RK: That’s exactly the question that a lot of grocery chains have asked us over the years. Never before have there been more conversations about non-renewable resources. Major companies are now using aluminum as an alternative to plastic, and we think aluminum is going to be just as reviled as plastic within the next two or three years. The conversation within the green movement is no longer about recyclability. It’s about renewability, and you can’t put aluminum or oil back into the ground. Consumers are now realizing that recycling hasn’t worked. They’re now looking upstream at the extraction and production of these materials and realizing that the carbon footprint to smelt and form aluminum and blow mold plastic is tremendously bad, as opposed to paper where it’s more folding, not molding. We know that 90% of our consumers consider sustainability before they make any purchase. Last time we looked at that was about three years ago, and the number was closer to 60%. Fashion brands who are now serving our product in their stores have said handing a complimentary plastic water bottle to a consumer under the age of 45 is now being received like handing them a pack of cigarettes. People physically recoil.
BD: How do you respond to criticism that cartons are recycled at a lower rate than plastic?
RK: While frustrating for all of us, recycling rates for cartons have increased dramatically during the last five years and continue to improve as people switch to cartons for more products. And remember, not everyone can recycle PET or aluminum at home yet. So, although not perfect, we look at the global warming impact from the production of bottles and cans versus cartons. Even if landfilled, the impact on global warming is still markedly worse. We do see a day in the near future where the rates will be the same.
‘You’d Better Have Us on the Shelf’
BD: What’s the market penetration of paper within the US packaged water category?
RK: We’re still a blip on the map. We’re 1% of 1% of the bottled water market. What I say to buyers is that if you look at the sell-through data today, you’re not going to get excited about us. But you’d better have us on the shelf because you have to offer a choice. I guarantee we’re going to be stealing shelf space because the numbers are starting to prove it out. Over the last three or four years at Whole Foods, the entire sustainable water segment has gone from zero facings to now more than 10 facings. Nestlé will always have a place in this world for people who are looking to save money as their number one priority. But, there’s still room for Voss and Fiji and Evian, and we are in and are competing in the premium water market.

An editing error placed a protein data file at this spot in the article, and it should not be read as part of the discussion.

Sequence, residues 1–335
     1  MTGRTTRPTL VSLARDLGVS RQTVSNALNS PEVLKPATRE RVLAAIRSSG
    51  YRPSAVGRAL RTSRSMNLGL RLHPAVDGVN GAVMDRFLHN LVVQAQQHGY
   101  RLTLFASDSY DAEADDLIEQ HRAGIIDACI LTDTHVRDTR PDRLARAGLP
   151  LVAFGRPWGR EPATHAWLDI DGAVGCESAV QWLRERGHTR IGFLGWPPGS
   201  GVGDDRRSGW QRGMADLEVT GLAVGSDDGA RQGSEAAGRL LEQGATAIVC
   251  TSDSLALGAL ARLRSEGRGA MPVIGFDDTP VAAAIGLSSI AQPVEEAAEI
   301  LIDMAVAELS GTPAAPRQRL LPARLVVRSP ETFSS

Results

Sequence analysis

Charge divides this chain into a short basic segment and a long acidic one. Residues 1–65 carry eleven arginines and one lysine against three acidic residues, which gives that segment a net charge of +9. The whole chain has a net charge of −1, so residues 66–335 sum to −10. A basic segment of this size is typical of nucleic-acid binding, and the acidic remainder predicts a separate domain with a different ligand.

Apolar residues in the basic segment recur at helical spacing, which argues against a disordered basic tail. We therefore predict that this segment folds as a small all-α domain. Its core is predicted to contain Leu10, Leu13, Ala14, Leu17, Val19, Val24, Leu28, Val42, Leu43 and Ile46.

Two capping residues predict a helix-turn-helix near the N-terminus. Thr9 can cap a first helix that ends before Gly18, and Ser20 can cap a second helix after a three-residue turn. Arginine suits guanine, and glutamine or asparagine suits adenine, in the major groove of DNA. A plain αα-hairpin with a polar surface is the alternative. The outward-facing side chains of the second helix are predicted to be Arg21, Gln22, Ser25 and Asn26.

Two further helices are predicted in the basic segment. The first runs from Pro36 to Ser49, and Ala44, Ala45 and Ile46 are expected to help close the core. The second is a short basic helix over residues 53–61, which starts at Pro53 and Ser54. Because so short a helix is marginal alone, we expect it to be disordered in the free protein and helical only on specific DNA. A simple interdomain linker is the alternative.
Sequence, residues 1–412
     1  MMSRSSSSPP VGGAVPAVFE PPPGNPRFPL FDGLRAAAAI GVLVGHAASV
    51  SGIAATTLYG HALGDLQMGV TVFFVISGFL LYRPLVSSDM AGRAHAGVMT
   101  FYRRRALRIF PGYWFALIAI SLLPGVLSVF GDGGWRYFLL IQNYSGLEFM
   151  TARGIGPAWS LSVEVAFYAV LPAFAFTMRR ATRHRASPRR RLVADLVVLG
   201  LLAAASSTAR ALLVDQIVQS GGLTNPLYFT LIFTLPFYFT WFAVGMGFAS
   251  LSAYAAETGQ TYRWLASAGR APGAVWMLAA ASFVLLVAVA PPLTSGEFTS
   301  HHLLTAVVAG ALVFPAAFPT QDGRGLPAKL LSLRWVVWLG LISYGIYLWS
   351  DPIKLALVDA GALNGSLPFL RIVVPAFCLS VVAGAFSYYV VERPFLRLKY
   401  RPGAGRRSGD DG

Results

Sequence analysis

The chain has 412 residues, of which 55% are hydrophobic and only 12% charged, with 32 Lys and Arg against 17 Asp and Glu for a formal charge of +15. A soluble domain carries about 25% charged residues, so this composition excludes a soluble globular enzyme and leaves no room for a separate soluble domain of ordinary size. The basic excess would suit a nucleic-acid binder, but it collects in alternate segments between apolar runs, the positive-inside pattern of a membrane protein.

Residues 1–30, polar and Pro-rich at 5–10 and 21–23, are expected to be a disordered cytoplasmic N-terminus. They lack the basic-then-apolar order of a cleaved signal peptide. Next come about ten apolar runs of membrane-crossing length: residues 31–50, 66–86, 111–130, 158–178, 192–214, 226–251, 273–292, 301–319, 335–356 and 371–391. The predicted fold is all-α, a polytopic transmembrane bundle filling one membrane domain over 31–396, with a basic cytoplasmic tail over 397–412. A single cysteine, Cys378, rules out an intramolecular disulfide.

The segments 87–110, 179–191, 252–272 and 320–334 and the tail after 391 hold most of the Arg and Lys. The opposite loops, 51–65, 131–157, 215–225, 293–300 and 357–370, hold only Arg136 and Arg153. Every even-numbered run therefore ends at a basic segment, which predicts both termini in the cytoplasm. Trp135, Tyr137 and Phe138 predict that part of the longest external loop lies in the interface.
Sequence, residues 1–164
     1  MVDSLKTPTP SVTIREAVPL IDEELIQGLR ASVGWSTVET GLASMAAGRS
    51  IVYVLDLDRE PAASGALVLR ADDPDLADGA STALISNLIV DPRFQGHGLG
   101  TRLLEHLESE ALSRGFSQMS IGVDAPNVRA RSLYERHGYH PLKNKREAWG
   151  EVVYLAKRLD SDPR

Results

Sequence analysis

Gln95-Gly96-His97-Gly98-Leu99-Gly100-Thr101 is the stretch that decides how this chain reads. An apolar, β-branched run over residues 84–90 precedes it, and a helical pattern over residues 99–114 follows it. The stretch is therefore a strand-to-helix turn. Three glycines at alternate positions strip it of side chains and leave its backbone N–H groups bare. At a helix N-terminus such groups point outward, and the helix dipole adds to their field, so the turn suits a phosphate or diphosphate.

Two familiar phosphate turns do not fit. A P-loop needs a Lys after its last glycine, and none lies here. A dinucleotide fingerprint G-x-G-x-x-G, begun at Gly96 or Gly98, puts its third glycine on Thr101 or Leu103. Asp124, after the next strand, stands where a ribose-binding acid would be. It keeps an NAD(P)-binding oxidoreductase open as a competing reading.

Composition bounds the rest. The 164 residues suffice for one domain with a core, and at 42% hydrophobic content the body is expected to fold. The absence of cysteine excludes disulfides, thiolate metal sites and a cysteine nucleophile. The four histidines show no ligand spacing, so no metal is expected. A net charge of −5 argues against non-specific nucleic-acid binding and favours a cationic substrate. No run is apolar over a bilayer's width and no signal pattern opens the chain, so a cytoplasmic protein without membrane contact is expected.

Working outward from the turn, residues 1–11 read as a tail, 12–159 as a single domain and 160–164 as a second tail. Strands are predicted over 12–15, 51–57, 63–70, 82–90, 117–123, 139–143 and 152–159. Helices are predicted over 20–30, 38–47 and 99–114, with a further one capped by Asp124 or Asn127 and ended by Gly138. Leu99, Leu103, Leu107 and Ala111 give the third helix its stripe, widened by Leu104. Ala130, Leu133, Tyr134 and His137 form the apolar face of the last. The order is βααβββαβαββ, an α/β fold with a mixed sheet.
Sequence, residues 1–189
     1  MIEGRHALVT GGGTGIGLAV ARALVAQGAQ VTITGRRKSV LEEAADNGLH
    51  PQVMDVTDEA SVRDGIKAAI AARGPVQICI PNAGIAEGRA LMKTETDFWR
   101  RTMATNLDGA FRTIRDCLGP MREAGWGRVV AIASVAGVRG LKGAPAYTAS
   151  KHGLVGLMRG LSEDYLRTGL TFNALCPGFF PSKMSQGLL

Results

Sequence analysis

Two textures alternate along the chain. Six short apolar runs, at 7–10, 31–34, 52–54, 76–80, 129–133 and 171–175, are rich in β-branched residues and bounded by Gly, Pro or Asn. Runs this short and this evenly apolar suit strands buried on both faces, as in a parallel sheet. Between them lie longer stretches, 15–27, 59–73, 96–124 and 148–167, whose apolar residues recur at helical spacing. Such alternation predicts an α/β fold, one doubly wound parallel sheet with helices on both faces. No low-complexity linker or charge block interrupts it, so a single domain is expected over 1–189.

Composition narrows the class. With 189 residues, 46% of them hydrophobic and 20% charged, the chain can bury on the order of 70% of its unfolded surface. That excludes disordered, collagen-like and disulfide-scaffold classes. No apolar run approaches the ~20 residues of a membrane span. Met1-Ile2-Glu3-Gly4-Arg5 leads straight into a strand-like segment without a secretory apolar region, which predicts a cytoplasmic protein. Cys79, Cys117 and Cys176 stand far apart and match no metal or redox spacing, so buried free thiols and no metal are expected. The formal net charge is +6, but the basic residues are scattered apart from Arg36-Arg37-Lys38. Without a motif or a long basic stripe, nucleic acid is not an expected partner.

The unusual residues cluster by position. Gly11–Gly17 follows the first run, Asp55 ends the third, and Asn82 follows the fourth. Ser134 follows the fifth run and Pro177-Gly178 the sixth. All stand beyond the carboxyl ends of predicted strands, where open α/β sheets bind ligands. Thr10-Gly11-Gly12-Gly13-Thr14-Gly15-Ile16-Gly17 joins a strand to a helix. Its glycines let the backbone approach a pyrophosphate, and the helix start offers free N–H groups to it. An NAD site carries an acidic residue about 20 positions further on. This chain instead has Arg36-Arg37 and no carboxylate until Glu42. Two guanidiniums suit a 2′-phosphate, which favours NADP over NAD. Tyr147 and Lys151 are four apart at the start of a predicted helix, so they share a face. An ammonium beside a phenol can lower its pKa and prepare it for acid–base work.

BD: What progress are you making with major national or regional retailers?
RK: We’re in some but not all major chains. Target. Jewel-Osco. CVS. No Walmart. We’ve talked to Walmart a lot. We’ve talked to Costco. But the price-value doesn’t work for them. We’re a premium product and they want to set a very low price. We were in Kroger maybe five years ago, before everything started to hit. They have not really overcome that taste in their mouth.
BD: What happened at Kroger?
RK: We didn’t sell through. So now every time we go back to them, they’re like, “You didn’t really work.” Of course, five years ago is an eternity in this trend. But stores that are more interested in attracting a greener or more sustainability-minded consumer is where we’ve been. If you’re in a store that is not a leader in sustainability, then the consumer’s not there looking for a sustainable option. Frankly, though, our focus hasn’t been on grocery stores. It’s been focused on getting into the right boutique hotels like Kimpton. Making sure that we’re in fashion houses like Rag & Bone or working with Madewell. And entertainment companies like the Ellen Show. Making sure that we’re going right at the consumer with brands that have equity with consumers and know that their consumers are sustainability minded. So, a large portion of our business has really been with brand partners.
BD: Are those partnerships profitable or an investment in brand awareness?
RK: It falls across the board depending on the partner. None of our partners get products for free. Then it’s a conversation about how much do you want to support us and how much do we want to support you? I want to use my partners to amplify my message, and they want to use Boxed Water to let their consumers in on yet another way to live a more sustainable life. The bottom line is all of them end up paying for the product, because one of the things that we say to them is that you have to have skin in the game in order to have our product. So, yes, most of those partnerships are profitable.
BD: What is the revenue breakdown between your various routes to market?